Camping in Culpeper

The Army of the Potomac's Winter Encampment, 1863-1864

A biting cold shrouded the landscape as the weary men in blue trudged toward their temporary homes. 1863 had been a year of peaks and valleys for the Army of the Potomac. A promising opening to the spring campaign ended in disaster at Chancellorsville. Two months later, they defeated Robert E. Lee and the Army of Northern Viriginia at Gettysburg. Autumn was followed up two more victories at Bristoe Station and Rappahannock Station. Then, just days earlier, rather than launch a costly frontal assault against the Confederate position along Mine Run, the army commander, Maj. Gen. George G. Meade decided to call off the attack. Meade then turned his columns back toward the Rapidan and in early December the army spread out in its winter encampment across the rolling hills and fields of Culpeper County.

The I Corps occupied the area southwest of the hamlet of Culpeper Court House and the II Corps stretched westward from Stevensburg. Brig. Gen. Alexander Hays’ division occupied Hansborough’s Ridge. Once traversed by Continental soldiers under the Marquis de Lafayette this giant loomed over surrounding landscape acting as a sentry to the eastern approach to Culpeper. The ridge is preserved by the American Battlefield Trust and can be visited with permission.

Elements of the III Corps camped adjacent to the II Corps and south of the courthouse. The V Corps was just across the Rappahannock River in Fauquier County while the cavalry patrolled the outer fringes. The VI Corps camped on the old Brandy Station battlefield. Their commander, Maj. Gen. John Sedgwick established his headquarters at the Welford House or Farley. From there, “Uncle John” could look out over ground where Brig. Gens. John Buford and William Henry Fitzhugh “Rooney” Lee once clashed on Yew Ridge. Maj. Gen. William French set up his headquarters on the “famous plateau” on Fleetwood Hill. Meade also camped on the eminence within sight of French. Nearby, the 6th U.S. Cavalry tore down St. James Church to use the bricks for their huts. Fortunately, Lt. Louis H. Carpenter sketched the church for posterity before the dismantling. The American Battlefield Trust has created a digital AR model of the church here:

“Here at Headquarters the only sounds are the distant car-whistles and the drums and trumpets sounding the calls” Lt. Col. Theodore Lyman of Meade’s staff wrote. “Indeed, the music of the band, which is hardly a noise and is very acceptable.” Despite the tranquil feeling, not all was pleasant at army headquarters. Facing scrutiny for his actions over the past year, Meade often traveled to Washington to testify in front of the Congressional Joint Committee on the Conduct of the War. “It would be farce” Meade wrote to his wife, Marguerite, for him to be replaced. Meade withstood the criticism and remained in command.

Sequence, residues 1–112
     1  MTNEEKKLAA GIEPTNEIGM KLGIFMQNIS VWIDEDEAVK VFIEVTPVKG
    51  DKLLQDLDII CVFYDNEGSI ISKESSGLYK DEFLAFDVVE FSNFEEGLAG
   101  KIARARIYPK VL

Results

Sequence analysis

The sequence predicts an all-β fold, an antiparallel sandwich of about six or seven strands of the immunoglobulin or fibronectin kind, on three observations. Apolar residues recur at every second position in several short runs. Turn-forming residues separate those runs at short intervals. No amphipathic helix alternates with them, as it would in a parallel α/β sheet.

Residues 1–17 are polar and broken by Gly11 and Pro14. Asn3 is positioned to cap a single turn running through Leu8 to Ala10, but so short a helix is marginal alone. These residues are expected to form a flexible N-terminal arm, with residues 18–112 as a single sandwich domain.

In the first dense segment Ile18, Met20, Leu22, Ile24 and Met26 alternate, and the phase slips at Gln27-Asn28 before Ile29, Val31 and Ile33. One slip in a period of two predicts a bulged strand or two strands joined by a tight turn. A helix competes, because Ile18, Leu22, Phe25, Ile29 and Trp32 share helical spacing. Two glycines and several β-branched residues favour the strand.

Although dealing with politicians, Meade also tended to affairs in camp. Due to high casualties and to make his army more manageable in the field, he dissolved the I and III Corps. The V Corps absorbed the I, the II Corps the divisions of the III. Their commanders, Maj. Gens. John Newton and William French were also removed, along with head of the V Corps, Maj. Gen. George Sykes. 

On March 10, the new General-in-Chief, Lt. Gen. Ulysses S. Grant visited Meade. Grant recognized that Virginia would be the critical theater of the war in the spring and decided to travel with the Army of the Potomac. It presented an awkward position for Meade, but Grant assured him that he would focus on strategy and leave the tactics to Meade. Still, Grant dealt with administration, replacing Maj. Gen. Alfred Pleasonton, Meade’s cavalry chief, with Maj. Gen. Philip Sheridan. He also transferred Brig. Gen. Judson Kilpatrick, the head of the Third Division in the cavalry corps. Brig. Gen. James Wilson took over for Kilpatrick.

On May 4, 1864, the army rousted itself and began making their way to fords on the Rapidan, opening the spring campaign. The roads would lead them to the Wilderness, Spotsylvania, Cold Harbor, Petersburg and finally to victory at Appomattox Court House eleven months later.